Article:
Musical Healing for Yazidi women in Iraq
Musical Ambassadors of Peace sent 40 drums with our Musical Ambassador to Iraqi Kurdistan to provide healing energy for Yazidi women recently liberated from 2 years of enforced sexual slavery under ISIL.
A Yazidi woman who was kidnapped and sold as a slave after her family was massacred said: “Death has lost its terrors. Death is harmless compared to the hell we all had to go through.”
Arriving north of Mosul in Duhok province of Iraq, our Musical Ambassador, Dilkhwaz Ahmed, got to work with these strong survivors!
Our Musical Ambassador will soon be heading back to work with the surviving Yazidi women in Northern Iraq.
“I had the privilege to work with amazing Yazidi women on the second anniversary of their genocide and help heal the wounds of war.” – Dilkhwaz Ahmad, Musical Ambassador of Peace
Musical Healing for Refugee Women In the USA
Musical Ambassadors of Peace has been conducting deep emotional healing with refugee women from Iraq, Afghanistan and Syria using musical and drumming techniques to enable on-going in-depth PTSD relief. Ari Honarvar, our Musical Ambassador from Iran, has been conducting sessions twice a month in El Cajon, in Southern California, with groups of these refugee women. Without Ari and Musical Ambassadors of Peace they would have limited options for help with emotional healing.
Give the Gift of a Healing Drum
Each $25 donation sends a drum to these survivors!
Performing in Venezuela
Bedouin musicians in the desert
Musical Ambassador Dr. Craig Woodson working with children in Iraqi Kurdistan
Musical Ambassador Christine Stevens in Iraqi Kurdistan
Here is what the Lonely Planet Has to Say about Our Work:
May, 2009 Lonely Planet Guide to the Middle East: Musicians for Peace. Article by Anthony Ham describes work of Musical Missions of Peace in Arab World
Musicians for Peace
It’s not every American musician who can claim to have learned to play the oud (Middle Eastern lute) like an Iraqi, mastered the complexity of the maqam scale system and played love songs on a Baghdad street in the dangerous aftermath of the US invasion of Iraq. But then Cameron Powers is not your ordinary musician.
Together with his partner, singer Kristina Sophia, Powers was seriously disillusioned with his country’s response to the terrorist attack on 11 September 2001. When we caught up with them in Lattakia, Syria, in May 2008 on their fifth visit to the region, Powers and Sophia spoke of how they performed with a Palestinian musician in Boulder, Colorado two weeks after the attacks, a concert that only went ahead when the word “Palestinian” was removed from the promotional material. Experiences such as these prompted the couple to make their first trip to the Middle East in November 2002, hoping to build bridges between Western and Arab cultures through what they call “the warmth, beauty and sensuality of Arab music.”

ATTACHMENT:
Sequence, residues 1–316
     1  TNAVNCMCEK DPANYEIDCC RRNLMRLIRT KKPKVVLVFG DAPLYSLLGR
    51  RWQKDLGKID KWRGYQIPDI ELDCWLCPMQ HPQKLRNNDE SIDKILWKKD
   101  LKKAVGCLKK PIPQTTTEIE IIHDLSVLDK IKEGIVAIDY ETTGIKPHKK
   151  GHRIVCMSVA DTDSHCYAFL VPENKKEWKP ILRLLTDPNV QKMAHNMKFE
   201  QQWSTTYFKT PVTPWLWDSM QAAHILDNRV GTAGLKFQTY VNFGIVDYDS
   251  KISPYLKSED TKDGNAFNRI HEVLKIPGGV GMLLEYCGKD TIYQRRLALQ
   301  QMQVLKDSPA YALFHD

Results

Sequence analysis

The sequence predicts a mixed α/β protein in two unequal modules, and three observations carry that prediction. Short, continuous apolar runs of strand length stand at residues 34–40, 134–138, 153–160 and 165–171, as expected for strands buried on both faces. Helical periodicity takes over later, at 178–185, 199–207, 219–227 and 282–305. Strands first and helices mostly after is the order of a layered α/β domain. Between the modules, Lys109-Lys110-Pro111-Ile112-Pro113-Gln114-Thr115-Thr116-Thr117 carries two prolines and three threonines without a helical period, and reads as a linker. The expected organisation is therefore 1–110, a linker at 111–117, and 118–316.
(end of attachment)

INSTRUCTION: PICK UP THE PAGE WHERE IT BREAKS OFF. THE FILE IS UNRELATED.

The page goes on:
The welcome they received from ordinary Arabs convinced them to return. In Spring 2003, impromptu performances for the Iraqi visa-issuing authorities and border officials saw Powers and Sophia granted permission to enter Iraq – “music is an instant passport” is his explanation. Unable to find any functioning concert venues in post-invasion Baghdad, they simply began performing on the streets. “The fact that we were on the streets of Baghdad singing Iraqi love songs, showed the Iraqi people that Americans could also invade with music,” Powers told us. He later wrote a book Singing in Baghdad (available from www.gldesignpub.com) about the experience. A performance before 60,000 people in Cairo followed the same year.
Struck by the warmth of the welcome they received in the Middle East, the couple realized that American audiences needed to hear an alternative vision of the Middle East as much as ordinary Arabs needed to feel their solidarity. Since then, the couple has covered more than 60,000km and performed at over 200 presentations in universities, schools and churches across the US. Nonetheless, they still find themselves confronted with the suspicions of post-9/11 America: “We encounter fear first and then openness to the music. It used to be the other way around.” To learn more about their work and travels, visit their website, www.musicalmissions.com.
Not content with the power of performance, Powers and Sophia have set up a secular NGO, Musical Missions of Peace (www.musicalmissionsofpeace.org) which is based around the premise that “People who have learned and sung each others’ popular love songs together are less likely to war with one another than those who have not. The NGO provides support to Iraqi musicians and refugees in exile in Jordan and Syria and promotes education and performance of international music in the US.
Musical Ambassador histories in South America
Hundreds of shows across the USA
Work in the Middle East
History of work in Iraq
Work in Iraqi Refugee community in El Cajon, CA, USA
Concert in Syria
Supported Iraqi refugee musician Fadi Aziz
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(Also known as Musical Missions of Peace)